I’ve often talked to people at conferences who would like to be speakers themselves. They come up to me after a talk and share their own eagerness to be on stage. When I ask them why they are not, often the answer is in the lines of ‘my boss won’t let me’.
Unfortunately, it’s something you hear a lot. Management doesn’t feel speaking at a conference benefits the business. Why share “secrets”? Why take away valuable time from office work? They feel the conference is more of a day off than actual work.
They are wrong, of course. There are plenty of reasons for businesses to pursue speaking opportunities. But it isn’t easy to convince them otherwise. Once they make up their mind, you won’t convince them that easy.
Yet you can convince them. It only needs a little bit of persuasion ;-).
You need to focus on two things: making it worth their while and getting them involved. All in the right balance of course.
It’s never about you
Before I go into these two things, though, there is one thing you have to realise: it is never about you. Even though you are the one who wants to speak.
When trying to convince management, stay away from your personal reasons. Management isn’t interested in why you want to speak. They don’t care about your personal brand or your ambitions. They care about the business. That’s where you should focus on.
How to convince your boss
Make it worth their while
First of all, when looking for ways to convince management, look at them. Find reasons why it is worth their while that you are speaking at a conference. Why is it better that you are on stage and not at the office? Why does it have to be you and not one of your colleagues? Answer these type of questions. Those are your first steps to speaking at events.
A few examples of ‘reasons’ that could convince them:
Show the financial benefits
A conference usually costs money. You could, of course, show your boss you get a free pass to the event, so it doesn’t cost them anything, but that won’t do it. You have to show the financial benefits for the business.
This means potential clients. You want to show them, you will speak in front of x-number of potential clients. That’s where the financial benefits start. Potential clients equal potential money. And potential money is where management usually gets interested.
Explain what Branding does for the business
Of course being at a conference is much more than potential money. Branding your business will also help the financial growth in the long run. But branding does a lot more. It eases your talks. It opens doors and it gets attention.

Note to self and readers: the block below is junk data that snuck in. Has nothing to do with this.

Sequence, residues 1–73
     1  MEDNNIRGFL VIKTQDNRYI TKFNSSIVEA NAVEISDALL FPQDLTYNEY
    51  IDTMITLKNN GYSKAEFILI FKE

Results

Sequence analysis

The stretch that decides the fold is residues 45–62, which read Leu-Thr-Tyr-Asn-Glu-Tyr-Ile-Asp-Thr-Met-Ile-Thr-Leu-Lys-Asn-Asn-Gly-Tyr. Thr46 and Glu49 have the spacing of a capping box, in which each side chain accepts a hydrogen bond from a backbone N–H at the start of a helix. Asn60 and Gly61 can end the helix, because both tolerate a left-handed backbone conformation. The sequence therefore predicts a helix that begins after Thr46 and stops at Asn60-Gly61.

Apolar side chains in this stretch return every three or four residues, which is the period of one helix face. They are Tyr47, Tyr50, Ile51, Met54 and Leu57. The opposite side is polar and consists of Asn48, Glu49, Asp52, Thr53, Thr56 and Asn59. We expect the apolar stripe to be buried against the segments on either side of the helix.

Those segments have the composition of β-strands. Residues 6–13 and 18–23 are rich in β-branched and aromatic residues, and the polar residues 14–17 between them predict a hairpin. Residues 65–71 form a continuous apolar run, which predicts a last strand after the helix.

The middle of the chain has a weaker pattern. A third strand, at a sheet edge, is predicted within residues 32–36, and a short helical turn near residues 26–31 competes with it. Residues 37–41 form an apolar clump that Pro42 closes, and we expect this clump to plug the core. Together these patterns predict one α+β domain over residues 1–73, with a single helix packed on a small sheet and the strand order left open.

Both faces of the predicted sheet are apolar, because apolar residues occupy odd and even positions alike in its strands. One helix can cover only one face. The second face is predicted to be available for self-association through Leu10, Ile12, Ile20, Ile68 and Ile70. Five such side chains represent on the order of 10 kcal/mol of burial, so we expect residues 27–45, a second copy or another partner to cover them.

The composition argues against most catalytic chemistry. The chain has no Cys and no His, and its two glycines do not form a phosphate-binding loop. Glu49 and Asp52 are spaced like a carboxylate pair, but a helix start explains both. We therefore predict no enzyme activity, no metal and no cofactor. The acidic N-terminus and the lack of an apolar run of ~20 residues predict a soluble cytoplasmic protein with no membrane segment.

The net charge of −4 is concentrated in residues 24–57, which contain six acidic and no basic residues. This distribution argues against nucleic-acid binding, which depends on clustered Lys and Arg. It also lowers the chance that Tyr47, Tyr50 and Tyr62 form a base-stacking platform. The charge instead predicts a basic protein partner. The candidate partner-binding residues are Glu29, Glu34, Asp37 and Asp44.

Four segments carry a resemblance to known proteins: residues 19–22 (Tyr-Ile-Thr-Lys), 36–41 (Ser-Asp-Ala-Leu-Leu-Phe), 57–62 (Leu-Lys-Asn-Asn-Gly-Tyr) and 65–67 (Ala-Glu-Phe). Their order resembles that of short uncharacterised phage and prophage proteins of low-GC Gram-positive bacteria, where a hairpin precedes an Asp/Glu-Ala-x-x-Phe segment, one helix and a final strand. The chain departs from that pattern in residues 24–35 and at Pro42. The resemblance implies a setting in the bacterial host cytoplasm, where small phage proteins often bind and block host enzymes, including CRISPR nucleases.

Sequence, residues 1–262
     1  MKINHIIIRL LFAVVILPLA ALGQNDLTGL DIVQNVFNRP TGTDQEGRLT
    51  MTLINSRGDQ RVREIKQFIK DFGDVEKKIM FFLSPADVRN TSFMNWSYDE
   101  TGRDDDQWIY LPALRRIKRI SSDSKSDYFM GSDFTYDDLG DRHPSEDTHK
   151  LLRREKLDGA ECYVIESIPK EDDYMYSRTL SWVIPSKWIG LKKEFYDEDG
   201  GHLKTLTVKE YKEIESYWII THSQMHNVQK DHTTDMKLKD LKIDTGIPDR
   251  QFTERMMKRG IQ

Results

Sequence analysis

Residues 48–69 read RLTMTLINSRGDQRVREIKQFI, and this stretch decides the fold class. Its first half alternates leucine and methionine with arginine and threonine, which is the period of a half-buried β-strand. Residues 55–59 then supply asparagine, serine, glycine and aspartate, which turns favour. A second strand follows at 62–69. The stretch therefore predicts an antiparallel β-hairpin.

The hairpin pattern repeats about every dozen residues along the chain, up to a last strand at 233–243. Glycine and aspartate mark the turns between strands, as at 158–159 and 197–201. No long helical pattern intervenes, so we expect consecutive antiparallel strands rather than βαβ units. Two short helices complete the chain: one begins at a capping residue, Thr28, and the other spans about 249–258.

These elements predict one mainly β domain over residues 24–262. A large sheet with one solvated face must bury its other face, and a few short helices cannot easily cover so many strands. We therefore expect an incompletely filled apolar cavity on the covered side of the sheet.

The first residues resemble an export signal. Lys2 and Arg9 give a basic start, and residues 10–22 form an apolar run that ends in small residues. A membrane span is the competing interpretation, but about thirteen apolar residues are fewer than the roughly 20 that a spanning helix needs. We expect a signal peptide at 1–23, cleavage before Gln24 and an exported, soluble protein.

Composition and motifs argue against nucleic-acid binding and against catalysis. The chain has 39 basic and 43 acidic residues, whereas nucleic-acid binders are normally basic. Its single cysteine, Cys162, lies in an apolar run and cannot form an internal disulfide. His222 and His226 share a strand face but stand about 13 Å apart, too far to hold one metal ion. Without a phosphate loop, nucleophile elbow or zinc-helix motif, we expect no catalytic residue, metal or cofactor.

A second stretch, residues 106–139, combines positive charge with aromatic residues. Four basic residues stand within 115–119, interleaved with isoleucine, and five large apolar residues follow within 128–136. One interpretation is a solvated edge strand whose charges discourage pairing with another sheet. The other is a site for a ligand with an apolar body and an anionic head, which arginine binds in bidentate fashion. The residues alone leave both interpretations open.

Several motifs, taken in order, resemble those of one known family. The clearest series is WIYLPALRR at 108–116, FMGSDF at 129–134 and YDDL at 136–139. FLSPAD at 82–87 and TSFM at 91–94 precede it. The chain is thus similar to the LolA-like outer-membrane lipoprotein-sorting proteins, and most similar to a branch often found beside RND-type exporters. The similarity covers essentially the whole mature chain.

Make sure you show how many bloggers wrote about last year’s conference. Show how many people are in the audience. Show what other branding opportunities there are from speaking at conferences.
Get them involved
Second, a big part of convincing your management is making it a team effort. Yes, it will be you on stage, but remember, this is not about you. It’s about the business. Get management (and other internal influencers) involved in the process. If you do so, they will be more inclined to say yes.
A few ways of getting them involved could be:
This is the easy part. As a speaker, you often get an extra pass or a discount on a pass. Don’t invite the colleague you’d like to hang out with, invite your boss. If he or she rejects, at least you got him or her interested (and you can still take your favourite colleague). If he does want to go, great!
This means you get to share the excitement with them. This means you are the person who is going to open up doors for him or her. Doors to new businesses and connections. Your boss will be grateful forever. And will be more likely to say yes to this and future events.
Ask for their help
Finally, ask for their help. Tell them you want to do a great job for the business. And that you need their help with this By creating the best presentation possible. Get them involved in what topic to talk about. Get them involved in practising. They will feel part of the show. They will want to see you succeed. And therefore say yes to your request.
Of course, every boss is different. Every management has their own reasons to say yes or no. Be sure to find out any hesitations and potential reasons for saying ‘no’ before you ask the question. And make sure you have the answers to those problems.
What do you think, will this work for you? Let me know in the comments!
I hope I will see you at one of the next conferences, as a speaker of course! Good luck!
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